News Stories 2013
Mayden, Bauer Earn All-America Honors at NCAA
Senior Samantha Mayden and sophomore Tyler Bauer earned All-America honors at the NCAA Track & Field Championships.
Tue, 28 May 2013 11:57:00 EDT
It was a great ending to the 2012-13 athletic year, a great ending to an outstanding career, and perhaps the start of something big.
Both Muhlenberg athletes at the NCAA Division III Track & Field Championships at La Crosse, Wis., earned All-America honors. Senior Samantha Mayden finished seventh in the 5,000 meters, and sophomore Tyler Bauer came in fifth in the javelin.
It’s the first time in program history that the men’s and women’s teams have produced All-Americans in the same year.
Mayden is the first All-American in a running event for the women’s team (the previous two were in the javelin and pole vault). She earned the All-America honor in her fifth and final trip to an NCAA meet.
“I never thought it would be realistic to be an All-American,” said Mayden. “It’s a great way to end it.”
Appropriately, Mayden’s great ending came with a great ending. She called the 5K “the weirdest race I’ve ever run.”
“We were all on top of each other for the whole race,” she explained. “I’ve never been in a race where we were tightly bunched like that. We were tripping all over each other. Someone would go to make a move, and they would wind up back where they started.”
The runners finally started to separate with about a mile left. A group of six runners moved ahead of the pack, and Mayden was in another group of three just behind them. She was eighth with four laps to go and remained there until the final lap, when she kicked it in with her best 400 of the race (1:16.2) to finish seventh by a comfortable three seconds.
“I didn’t want someone to beat me for All-American on the last straightaway!” she said.
Mayden finished with a time of 16:51.06, not far off her personal record of 16:47.15. A workout she did this week in which she ran ten 400s at a desired pace put her in a good position for success at the NCAA meet – and a scoreboard that showed every runner’s split after every lap helped greatly too.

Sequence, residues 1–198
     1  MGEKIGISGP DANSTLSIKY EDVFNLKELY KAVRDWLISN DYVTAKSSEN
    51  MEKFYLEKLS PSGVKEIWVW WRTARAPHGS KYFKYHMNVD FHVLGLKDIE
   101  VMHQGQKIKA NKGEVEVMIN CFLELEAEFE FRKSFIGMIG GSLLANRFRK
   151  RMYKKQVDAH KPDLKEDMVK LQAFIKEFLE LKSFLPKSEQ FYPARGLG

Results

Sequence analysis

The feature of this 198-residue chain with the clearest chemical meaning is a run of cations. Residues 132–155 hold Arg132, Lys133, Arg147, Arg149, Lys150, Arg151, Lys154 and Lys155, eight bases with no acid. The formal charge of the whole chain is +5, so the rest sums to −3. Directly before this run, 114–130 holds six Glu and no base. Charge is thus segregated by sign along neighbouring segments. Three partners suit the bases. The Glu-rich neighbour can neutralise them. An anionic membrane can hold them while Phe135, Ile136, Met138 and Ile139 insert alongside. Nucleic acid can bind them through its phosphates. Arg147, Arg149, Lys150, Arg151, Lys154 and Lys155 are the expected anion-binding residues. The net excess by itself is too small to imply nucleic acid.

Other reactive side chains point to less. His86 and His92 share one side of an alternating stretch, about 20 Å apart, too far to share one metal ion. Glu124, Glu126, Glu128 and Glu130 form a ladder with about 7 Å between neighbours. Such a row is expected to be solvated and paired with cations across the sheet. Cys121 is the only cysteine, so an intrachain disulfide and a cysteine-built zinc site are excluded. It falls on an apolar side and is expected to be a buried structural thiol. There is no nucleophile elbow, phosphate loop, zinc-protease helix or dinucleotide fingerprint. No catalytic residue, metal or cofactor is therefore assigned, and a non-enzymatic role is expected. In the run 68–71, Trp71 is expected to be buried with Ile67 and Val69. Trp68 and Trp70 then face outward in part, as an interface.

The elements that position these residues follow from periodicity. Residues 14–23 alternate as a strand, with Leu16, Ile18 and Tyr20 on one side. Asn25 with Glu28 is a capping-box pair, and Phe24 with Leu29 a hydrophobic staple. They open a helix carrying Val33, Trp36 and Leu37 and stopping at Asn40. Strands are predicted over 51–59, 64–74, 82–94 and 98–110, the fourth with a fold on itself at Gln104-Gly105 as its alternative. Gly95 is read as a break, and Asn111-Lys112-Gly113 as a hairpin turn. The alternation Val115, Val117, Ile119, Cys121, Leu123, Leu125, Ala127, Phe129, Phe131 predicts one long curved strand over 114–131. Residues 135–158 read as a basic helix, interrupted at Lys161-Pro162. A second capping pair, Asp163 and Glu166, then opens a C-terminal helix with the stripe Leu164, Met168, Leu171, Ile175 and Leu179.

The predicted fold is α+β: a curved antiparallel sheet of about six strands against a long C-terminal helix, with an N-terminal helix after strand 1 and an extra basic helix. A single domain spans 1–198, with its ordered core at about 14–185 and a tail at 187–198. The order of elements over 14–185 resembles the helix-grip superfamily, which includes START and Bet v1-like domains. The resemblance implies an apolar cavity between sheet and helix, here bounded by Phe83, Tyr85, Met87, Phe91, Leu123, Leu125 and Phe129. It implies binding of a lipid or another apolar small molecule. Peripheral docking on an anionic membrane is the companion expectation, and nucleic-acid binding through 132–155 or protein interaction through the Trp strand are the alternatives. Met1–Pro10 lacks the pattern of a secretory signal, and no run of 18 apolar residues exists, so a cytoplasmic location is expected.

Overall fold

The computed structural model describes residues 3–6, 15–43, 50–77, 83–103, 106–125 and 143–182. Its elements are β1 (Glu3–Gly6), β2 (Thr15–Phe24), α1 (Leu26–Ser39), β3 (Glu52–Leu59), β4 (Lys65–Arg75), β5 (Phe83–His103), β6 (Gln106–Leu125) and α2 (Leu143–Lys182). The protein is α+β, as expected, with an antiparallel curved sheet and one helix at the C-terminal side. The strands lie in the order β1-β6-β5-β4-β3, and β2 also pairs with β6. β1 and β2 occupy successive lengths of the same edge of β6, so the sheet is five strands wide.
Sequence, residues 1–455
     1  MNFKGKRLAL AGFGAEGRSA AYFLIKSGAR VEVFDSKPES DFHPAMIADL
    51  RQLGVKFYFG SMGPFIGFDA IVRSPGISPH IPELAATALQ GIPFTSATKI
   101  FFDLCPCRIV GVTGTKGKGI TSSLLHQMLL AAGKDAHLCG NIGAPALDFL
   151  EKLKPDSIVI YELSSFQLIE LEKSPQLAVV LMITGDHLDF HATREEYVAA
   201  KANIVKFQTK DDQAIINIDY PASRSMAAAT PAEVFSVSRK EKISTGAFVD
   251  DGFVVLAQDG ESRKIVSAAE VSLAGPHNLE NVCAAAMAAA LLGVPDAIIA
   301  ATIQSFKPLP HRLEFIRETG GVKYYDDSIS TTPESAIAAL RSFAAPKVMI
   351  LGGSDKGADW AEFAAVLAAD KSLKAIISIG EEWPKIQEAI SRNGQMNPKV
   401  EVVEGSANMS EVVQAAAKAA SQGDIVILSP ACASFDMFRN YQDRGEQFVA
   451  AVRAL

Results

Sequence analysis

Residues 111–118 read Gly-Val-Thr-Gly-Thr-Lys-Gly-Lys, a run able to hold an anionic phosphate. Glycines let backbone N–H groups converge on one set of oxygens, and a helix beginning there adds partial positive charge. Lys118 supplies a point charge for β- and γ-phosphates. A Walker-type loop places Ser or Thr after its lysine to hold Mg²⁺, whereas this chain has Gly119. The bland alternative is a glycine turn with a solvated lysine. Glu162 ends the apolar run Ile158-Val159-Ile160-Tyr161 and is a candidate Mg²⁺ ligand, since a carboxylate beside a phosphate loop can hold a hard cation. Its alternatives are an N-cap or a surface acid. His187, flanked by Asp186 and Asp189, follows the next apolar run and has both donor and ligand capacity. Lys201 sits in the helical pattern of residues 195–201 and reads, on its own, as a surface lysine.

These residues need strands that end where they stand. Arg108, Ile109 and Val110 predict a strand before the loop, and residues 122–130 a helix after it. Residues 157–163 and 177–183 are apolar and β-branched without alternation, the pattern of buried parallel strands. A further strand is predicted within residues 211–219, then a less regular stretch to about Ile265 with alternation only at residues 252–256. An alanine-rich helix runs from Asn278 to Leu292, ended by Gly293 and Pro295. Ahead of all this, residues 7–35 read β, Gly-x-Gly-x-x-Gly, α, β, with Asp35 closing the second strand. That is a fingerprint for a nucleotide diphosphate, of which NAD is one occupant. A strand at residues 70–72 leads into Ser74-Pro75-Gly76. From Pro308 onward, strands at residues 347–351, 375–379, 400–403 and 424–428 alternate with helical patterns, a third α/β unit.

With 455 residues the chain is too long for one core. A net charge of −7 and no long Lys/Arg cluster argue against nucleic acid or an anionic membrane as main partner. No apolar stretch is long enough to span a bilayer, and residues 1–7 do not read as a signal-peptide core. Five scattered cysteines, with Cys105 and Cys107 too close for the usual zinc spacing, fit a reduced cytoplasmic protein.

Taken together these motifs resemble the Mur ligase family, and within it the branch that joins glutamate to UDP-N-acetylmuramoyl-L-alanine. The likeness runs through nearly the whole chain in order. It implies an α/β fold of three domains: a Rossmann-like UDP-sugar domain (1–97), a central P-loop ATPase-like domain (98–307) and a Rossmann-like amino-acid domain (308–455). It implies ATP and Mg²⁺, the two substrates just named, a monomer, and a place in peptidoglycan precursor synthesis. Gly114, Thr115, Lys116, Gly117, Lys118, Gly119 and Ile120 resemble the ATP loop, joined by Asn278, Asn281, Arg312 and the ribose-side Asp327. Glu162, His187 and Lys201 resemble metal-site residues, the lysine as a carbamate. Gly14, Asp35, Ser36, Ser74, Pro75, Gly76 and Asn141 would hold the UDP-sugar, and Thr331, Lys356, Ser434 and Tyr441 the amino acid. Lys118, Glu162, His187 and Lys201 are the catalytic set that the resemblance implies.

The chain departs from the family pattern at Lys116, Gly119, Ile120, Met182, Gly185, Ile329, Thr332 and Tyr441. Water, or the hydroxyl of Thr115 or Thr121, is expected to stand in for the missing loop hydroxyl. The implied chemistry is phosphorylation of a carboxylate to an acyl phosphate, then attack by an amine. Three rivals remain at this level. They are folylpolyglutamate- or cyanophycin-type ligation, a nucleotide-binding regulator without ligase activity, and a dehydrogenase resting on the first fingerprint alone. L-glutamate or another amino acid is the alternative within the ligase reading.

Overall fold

“When I looked up at the scoreboard and saw my splits, that’s how I knew I was in the right place,” she said.
Bauer was in a good place at the start of the javelin competition.As the first thrower in the first flight, he had an opportunity to start with a big throw and put pressure on those who came after him.
It didn’t quite work out like that. Bauer threw “only” 59.15 meters, well below his qualifying mark of 63.78, and was in fifth place in the flight at the end of the first round.
“It wasn’t a good throw, it wasn’t a bad throw. It was just an okay throw,” said Bauer. “That’s how most of my throws are. Then you have the one good one.”
That came on his next try.
In the first throw of the second round, Bauer jumped into first place with a heave of 65.36 (214-5). The lead didn’t last long, as national champion Tim VanLiew of Rutgers-Camden followed with a Division III-record 75.55 (247-10), but no one else came close to Bauer’s mark for the rest of the flight.
“Everything fell into place,” said Bauer of the throw that broke his previous school record by more than five feet. “The acceleration was great. I kept my arm back, which was great. I forgot about the injuries I had. On that throw in particular, I did everything right.”
Three throwers, including the defending national champion, moved ahead of Bauer in the second flight, and he went into the finals in fifth place. None of the finalists improved their best marks in the final three rounds, and Bauer finished in fifth.
Bauer is the third Muhlenberg male to earn All-America honors outdoors and the first to do it on his first trip to NCAAs.
“I couldn’t have done any better,” he said. “I PRed. You can’t ask for much more than that.”
Maybe not this year, but Bauer has set his sights higher for the rest of his career. Of the eight placewinners, five were seniors, two were juniors, and Bauer was the only sophomore.
“It was a very encouraging experience,” said Bauer of his first national meet. “I’m going to remember this moment but this isn’t where I want to be. I’m going to work as hard as I can to get there.”